• Angkor Wat was originally a Hindu temple;  over the years, it gradually became a Buddhist temple and monastery as the general population converted to Buddhism.  Unlike many of the temples in the Angkor complex, it has been used more or less continuously since its construction, and is still considered to be a sacred place of worship.  Regular use, as well as the fact that Angkor Wat is surrounded by a moat (which protected it somewhat from the encroaching jungle) is part of what kept this temple in relatively good shape compared to others of similar age. Angkor Wat has a monastery on its grounds, which was very busy the day we were there, as it was the first day of the 15-day Pchum Ben holiday period (more on this later.)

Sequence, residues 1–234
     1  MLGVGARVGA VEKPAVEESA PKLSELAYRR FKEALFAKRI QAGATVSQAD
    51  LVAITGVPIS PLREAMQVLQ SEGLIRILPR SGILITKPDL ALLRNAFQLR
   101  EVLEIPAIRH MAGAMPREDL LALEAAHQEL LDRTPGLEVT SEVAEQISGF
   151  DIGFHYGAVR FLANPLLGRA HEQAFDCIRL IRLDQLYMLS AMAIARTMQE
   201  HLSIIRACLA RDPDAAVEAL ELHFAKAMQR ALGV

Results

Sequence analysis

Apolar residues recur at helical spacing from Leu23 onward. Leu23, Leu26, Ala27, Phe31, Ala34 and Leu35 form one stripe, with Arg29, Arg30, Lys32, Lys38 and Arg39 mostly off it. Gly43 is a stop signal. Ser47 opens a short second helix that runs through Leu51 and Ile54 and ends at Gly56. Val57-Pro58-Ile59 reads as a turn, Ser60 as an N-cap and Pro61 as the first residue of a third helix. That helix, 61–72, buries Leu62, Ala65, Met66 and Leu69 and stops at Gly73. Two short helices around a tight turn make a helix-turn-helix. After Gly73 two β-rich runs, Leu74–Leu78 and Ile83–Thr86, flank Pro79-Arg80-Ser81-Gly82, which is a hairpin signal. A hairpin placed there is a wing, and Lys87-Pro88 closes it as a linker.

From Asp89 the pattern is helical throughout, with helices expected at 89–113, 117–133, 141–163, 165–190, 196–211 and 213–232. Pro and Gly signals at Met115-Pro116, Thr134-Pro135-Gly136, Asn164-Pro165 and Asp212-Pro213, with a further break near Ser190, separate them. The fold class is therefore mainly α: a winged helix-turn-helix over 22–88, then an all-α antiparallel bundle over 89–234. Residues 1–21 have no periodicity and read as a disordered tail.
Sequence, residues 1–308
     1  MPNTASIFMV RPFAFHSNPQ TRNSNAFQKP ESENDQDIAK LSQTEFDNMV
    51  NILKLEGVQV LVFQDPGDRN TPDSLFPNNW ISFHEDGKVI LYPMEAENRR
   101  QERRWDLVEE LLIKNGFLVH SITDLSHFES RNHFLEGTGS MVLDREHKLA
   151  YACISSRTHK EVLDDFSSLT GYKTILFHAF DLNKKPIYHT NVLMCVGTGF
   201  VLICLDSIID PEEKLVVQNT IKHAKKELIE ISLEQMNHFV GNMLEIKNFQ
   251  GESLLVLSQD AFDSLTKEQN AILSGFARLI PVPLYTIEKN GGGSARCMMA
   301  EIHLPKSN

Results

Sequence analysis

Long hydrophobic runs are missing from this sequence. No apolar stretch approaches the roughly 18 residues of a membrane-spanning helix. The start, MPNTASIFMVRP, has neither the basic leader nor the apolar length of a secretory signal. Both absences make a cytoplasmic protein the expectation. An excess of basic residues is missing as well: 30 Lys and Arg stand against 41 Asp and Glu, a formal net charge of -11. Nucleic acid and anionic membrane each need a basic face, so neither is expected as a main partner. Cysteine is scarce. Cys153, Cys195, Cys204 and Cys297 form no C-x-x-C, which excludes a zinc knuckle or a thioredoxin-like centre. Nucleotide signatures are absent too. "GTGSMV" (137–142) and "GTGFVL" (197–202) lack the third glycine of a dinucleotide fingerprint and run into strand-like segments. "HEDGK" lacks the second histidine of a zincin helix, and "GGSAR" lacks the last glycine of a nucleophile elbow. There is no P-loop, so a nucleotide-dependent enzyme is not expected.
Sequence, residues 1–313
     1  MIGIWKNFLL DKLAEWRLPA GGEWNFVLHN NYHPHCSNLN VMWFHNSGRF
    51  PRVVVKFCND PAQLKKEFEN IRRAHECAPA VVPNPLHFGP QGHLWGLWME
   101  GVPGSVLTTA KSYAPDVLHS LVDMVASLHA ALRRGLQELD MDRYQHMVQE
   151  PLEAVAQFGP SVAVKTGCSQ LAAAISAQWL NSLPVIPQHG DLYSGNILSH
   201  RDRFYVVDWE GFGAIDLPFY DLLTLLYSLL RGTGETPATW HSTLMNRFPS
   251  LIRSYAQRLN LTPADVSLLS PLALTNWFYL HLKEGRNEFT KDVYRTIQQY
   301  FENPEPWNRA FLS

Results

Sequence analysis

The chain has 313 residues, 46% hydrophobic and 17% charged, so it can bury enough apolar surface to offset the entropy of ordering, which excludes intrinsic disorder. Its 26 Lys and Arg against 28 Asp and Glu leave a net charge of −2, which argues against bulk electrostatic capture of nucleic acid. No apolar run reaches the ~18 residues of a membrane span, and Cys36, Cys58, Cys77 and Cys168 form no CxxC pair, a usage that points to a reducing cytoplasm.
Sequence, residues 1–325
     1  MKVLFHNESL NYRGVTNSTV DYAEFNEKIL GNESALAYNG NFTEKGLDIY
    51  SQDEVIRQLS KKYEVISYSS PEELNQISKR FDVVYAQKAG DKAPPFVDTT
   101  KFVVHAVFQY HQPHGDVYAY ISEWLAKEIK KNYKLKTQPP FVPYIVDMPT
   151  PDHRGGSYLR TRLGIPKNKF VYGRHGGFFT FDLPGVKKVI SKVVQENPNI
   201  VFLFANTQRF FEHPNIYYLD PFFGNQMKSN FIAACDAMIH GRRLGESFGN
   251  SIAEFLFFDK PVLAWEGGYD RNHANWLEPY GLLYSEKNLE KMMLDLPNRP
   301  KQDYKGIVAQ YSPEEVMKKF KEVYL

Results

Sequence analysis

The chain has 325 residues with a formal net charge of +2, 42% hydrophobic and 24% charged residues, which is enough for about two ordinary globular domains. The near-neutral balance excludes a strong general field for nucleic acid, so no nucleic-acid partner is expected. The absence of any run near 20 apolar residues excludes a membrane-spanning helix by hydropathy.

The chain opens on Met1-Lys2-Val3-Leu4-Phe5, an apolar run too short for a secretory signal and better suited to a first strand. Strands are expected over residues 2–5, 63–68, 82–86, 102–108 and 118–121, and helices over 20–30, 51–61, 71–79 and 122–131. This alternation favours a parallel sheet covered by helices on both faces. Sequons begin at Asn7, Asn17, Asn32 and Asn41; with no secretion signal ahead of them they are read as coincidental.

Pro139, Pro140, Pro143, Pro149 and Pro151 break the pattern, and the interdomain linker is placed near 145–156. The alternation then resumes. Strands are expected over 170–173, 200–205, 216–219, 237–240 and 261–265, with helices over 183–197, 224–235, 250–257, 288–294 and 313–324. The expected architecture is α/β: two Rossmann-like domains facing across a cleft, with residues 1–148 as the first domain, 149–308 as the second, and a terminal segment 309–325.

Angkor Wat:  The biggest and the best.  Less charming (one imagines) in the rain, but verdantly green and (according to our guide) not really very crowded.  The temple itself is an enormous, sprawling complex surrounded by a moat and outer walls, sort of like a medieval city. Within the walls are countless towers, turrets, hallways, niches, nooks, and crannies.  Many parts of the temple are under active restoration.  


One of two libraries flanking the main temple complex

Looking across the grounds toward the front of the temple

The highest and most holy part of the temple was closed due to rain.  The stairs - already treacherous - were judged too dangerous to be climbed.

That's how steep they were.  That steep.

Our guide told us that, as it was a Hindu temple, a yogi was carved at the base of every column in the temple.

Apsara dancers were performing in the courtyard and available for photo ops with tourists, like this one.
Traditional Apsara dancer, one of millions of finely-wrought carvings